In distance seeing the looming scientific stations, weird modernist buildings and searchlights, the glowing blue plastic domes of Chinese ‘Great Wall’ station, and right next to each other the Chilean buildings and rather more battered Russian Bellinghausen base. We arrived on shore right in front of the dilapidated Russian container huts, CCCP 1968 plaque and all the bleakness of the Soviet union at that time, only the Orthodox Church on the hill to sustain one. A warm reception in the base, one of the Russians had done a wonderful pencil portrait of Bellinghausen himself, and surprising to see a whole row of big art books including ‘Collage in Russia’, a proper art library ready for the long winters.

Trudged up the muddy black path to the church, a Tarkovsky or Béla Tarr landscape, the grey wooden Cathedral above us, and entering the golden dazzle of the interior could understand the medieval world, mud and desolation, cold and drizzle outside and the warm gold, the beauty of this one place, the only source of rich salvation. The priest chanting-singing in the back, hidden from view, putting on a little show and then came out for us, bald, shiny faced, bearded, been there four winters, could pass for a Shropshire Parson with his shy smile and modest voice, blushing easily. Though I could have stayed there all day, decided I needed to also explore the Chilean side. A mysterious, blasted Moonraker lunar-scape, trucks and vans ploughing through the mud, old machinery everywhere, ‘orange is the new black’ Chilean modernist huts. This is the ‘Fuerza Area de Chile’ founded in 1969 with a sign proudly announcing ‘Poblacion: 75 habitants.’  Some groovy portable housing units in red lacquer, even a geodesic dome, sci-fi Modernism. Improbable to discover a lit sign for a bank, BCI Bancos, ‘Somos Diferentes’ and wondered if they’d originally installed it here just as advertising gimmick. Stumping up the bleak hill to the Catholic Chilean church (CCC again) which was rather disappointing, very ordinary compared to the other House of God on the opposite hill.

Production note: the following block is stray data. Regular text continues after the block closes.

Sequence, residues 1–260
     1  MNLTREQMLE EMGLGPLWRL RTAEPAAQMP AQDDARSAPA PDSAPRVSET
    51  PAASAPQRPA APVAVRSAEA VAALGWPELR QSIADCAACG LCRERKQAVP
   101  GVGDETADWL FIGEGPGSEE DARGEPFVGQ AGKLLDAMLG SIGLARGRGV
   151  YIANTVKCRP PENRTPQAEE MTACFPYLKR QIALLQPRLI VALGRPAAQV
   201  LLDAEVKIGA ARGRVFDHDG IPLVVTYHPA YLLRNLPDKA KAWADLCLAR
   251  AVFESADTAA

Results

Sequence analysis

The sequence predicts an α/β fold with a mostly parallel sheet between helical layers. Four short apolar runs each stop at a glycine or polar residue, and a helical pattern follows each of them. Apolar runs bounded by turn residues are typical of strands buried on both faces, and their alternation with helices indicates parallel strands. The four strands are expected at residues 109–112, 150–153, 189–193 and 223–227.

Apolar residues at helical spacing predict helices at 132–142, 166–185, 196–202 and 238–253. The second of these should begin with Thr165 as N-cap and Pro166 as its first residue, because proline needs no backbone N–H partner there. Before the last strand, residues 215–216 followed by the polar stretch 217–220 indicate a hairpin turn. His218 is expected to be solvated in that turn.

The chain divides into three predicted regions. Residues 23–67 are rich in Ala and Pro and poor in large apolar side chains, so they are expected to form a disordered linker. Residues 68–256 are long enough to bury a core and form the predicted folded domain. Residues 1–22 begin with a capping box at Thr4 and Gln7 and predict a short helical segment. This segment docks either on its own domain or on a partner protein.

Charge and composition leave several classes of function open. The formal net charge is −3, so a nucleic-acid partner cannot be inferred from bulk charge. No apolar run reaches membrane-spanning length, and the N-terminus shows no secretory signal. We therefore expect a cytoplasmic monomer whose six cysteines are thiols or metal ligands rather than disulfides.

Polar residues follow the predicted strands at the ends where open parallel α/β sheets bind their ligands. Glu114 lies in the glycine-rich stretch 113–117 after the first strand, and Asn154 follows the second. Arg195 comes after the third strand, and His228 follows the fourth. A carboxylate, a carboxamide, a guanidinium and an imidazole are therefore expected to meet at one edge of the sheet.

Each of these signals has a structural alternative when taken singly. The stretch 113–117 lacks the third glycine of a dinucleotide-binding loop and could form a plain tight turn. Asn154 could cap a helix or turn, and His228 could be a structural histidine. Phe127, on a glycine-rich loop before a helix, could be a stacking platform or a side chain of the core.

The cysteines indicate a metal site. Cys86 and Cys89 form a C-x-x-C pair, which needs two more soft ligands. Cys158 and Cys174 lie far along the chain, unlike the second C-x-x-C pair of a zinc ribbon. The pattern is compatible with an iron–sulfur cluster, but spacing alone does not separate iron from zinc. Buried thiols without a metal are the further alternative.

Indeed such was the lure of the One True Old Faith that I found myself heading back over there; learnt that the whole wooden structure had been transported for free on our own ship, the ‘Akademik Sergey Vavilov’ in 2004, whilst a wealthy patron had paid for all the wood, special hard timber in Siberia. The church had first been assembled there and each piece numbered, shipped here and rebuilt in situ. The grey of the wood so sombre against the solid grey of the sky.  I was very impressed Alexander-The-Great was quite so devout, lighting candles, kissing the Bible and showing me the ikons for St Nikolaus the Patron Saint of sailors. The doors to the altar were open now and I could see the banks of flickering candles, so truly wondrous all these ikons and gold everywhere, such richness by contrast to the world without. From the window a view to the grey sea and our boat, the first twinkling lights on the horizon, our floating home so silver lit at anchor. Imagine how even more amazing, spiritual, this could have been if only I too was ‘micro-dosing’ on LSD like many of our younger team, a truly beautiful idea out here. Lysergic Orthodoxy at the very end of the world, yea.